The Weather Channel Gives Us a Football Forecast in Advanced IMR
The Weather Channel has created an advanced Immersive Reality (IMR) video that graphically depicts the effects of weather extremes on football players and the game itself.
As you will see by clicking on the above video, this latest in a series of immersive mixed-reality videos from The Weather Channel begins with veteran meteorologist for The Weather Channel, Stephanie Abrams, and Southeastern Conference (SEC) Network college football analyst and former Vanderbilt standout QB, Jordan Rodgers dissolving the walls of their news set to stand on the middle of the 50 yard line of a 100,000 seat stadium where at first the weather looks perfect for game day.
But this soon changes, and with the help of 3D graphic elements popping up all around them, the Abrams/Rodgers team describes how Mother Nature’s wrath can significantly affect the conduct of the game.
The video first aired on The Weather Channel’s Morning Show, AMHQ, on Friday, November 16th at 6:20 a.m. ET, and then on Saturday, November 17th on SEC Network at 10:40 a.m. ET.
“These videos provide us a way of communicating how significantly weather can impact our lives,” Michael Chesterfield, director of weather presentation at The Weather Channel told me during our one-on-one interview.
“In previous videos we had dealt with some of the more devastating consequences of changing weather, but for this one, since we had the cooperation of the SEC and we are right in the middle of football season, we thought we’d have a bit more fun with it.”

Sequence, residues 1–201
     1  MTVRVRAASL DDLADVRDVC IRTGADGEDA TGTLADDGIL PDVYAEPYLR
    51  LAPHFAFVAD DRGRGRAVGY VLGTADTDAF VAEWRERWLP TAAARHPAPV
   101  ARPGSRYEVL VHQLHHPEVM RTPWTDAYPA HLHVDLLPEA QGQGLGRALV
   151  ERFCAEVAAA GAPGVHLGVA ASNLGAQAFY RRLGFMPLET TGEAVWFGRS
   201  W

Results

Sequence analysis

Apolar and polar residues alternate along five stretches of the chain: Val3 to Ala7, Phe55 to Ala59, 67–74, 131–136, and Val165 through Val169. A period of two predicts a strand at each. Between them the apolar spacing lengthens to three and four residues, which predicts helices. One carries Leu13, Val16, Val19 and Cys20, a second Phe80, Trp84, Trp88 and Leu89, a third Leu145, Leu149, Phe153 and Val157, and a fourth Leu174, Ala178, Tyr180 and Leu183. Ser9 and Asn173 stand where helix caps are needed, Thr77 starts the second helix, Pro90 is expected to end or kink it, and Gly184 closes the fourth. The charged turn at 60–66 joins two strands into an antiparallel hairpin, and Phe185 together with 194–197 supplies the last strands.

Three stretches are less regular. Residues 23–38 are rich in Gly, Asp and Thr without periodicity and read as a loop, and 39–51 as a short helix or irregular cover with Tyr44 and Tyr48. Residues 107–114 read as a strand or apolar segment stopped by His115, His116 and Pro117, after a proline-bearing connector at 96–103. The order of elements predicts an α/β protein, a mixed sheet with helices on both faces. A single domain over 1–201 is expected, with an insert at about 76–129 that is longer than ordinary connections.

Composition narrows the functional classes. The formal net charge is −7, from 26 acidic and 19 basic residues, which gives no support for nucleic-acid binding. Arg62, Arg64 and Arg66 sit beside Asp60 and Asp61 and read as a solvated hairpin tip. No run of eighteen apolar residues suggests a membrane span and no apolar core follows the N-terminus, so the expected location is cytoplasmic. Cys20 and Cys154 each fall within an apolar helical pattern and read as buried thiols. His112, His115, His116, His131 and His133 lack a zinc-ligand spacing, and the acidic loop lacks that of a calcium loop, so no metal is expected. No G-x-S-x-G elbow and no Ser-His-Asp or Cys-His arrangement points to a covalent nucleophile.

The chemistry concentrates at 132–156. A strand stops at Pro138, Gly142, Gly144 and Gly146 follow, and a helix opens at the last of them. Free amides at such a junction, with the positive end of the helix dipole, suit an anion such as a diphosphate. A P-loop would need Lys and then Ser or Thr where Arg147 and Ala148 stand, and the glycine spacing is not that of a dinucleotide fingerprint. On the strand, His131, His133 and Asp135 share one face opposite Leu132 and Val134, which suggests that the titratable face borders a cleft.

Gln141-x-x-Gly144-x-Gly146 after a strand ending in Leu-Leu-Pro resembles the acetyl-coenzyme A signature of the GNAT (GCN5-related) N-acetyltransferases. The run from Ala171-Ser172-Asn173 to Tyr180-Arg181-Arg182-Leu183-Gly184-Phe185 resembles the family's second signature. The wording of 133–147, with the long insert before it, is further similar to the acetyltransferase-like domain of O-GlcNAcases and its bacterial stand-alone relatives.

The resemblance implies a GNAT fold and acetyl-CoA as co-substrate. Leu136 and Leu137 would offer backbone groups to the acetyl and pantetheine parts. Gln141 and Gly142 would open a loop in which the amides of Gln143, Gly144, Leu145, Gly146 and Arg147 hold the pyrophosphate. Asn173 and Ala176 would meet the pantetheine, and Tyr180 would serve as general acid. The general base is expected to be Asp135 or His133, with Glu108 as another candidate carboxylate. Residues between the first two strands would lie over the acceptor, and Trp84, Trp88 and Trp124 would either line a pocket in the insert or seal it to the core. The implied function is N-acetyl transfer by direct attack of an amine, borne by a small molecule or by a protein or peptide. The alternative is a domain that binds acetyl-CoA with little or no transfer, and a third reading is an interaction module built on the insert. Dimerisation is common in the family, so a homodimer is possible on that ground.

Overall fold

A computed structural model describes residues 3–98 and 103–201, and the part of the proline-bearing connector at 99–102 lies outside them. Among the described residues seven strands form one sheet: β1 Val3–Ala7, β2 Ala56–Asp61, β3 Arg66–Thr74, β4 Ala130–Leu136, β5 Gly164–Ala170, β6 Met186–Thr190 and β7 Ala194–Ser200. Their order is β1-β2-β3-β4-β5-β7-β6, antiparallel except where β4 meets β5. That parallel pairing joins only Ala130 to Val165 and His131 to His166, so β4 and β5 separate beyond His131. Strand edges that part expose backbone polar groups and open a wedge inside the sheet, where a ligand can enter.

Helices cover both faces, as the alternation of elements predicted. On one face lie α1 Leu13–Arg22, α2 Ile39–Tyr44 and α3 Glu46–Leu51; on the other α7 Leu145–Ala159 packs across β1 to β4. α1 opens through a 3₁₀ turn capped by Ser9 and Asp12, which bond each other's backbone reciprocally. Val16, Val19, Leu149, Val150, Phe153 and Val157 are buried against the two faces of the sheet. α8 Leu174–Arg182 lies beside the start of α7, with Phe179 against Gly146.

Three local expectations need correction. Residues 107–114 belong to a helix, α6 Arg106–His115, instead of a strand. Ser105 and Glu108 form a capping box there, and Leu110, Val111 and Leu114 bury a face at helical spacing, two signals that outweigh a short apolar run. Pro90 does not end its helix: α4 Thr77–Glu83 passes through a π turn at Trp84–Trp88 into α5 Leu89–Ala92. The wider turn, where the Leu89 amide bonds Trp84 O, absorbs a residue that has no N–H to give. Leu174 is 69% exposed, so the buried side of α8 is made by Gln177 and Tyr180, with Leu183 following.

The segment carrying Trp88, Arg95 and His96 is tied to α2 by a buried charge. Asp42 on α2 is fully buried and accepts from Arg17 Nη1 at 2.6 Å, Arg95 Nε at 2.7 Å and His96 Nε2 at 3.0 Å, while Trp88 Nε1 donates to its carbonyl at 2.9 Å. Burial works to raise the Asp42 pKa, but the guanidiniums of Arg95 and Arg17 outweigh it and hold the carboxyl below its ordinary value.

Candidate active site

It’s true that some of their previous IMR videos have conveyed more dire warnings, such as the threat of unexpected lightning strikes that I covered here last August 1, 2018.
“We are using some new broadcast technology combining camera tracking with a computer system that lets us employ gaming software to produce the graphics themselves,” Chesterfield said.
The Weather Channel developed this system through a partnership with The Future Group using the power of advanced, real time graphics rendering and visual effects with Frontier powered by Epic Game’s Unreal Engine, a pure C++ engine designed for high performance.
The Weather Channel employs the phrase “Immersive Reality” (IMR) for their system, differentiating it from Augmented Reality (AR).
“What separated our process from conventional AR is that we surround our talent and on-set objects with a green screen which lets us totally engulf them with additional graphical object,” Chesterfield said. “This lets us put objects in all around our talent, which gives us the 360-degree ‘immersive’ aspect. For example, we can put snow or rain in front and behind the people on screen at the same time.”
All of this was accomplished with the help of The Future Group’s engineering input at The Weather Channel ‘s headquarters in Atlanta, GA.
But since by 2020, The Weather Channel plans to use IMR technology in 80 percent of their programming, Chesterfield wants this powerful communication revolution to also be used to convey much more important messages about impending weather.
One of their most impressive public warning videos was called “Storm Surge” that aired on September 13, 2018, just before the landfall of hurricane Florence.
As you can see, this is a more impactful warning than watching a weatherman in hip waders advising people not to drive through puddles.
“Our whole goal is to transform the way weather is presented on The Weather Channel,” Chesterfield finished up. “Weather affects us all, and the more we know about it the better.”
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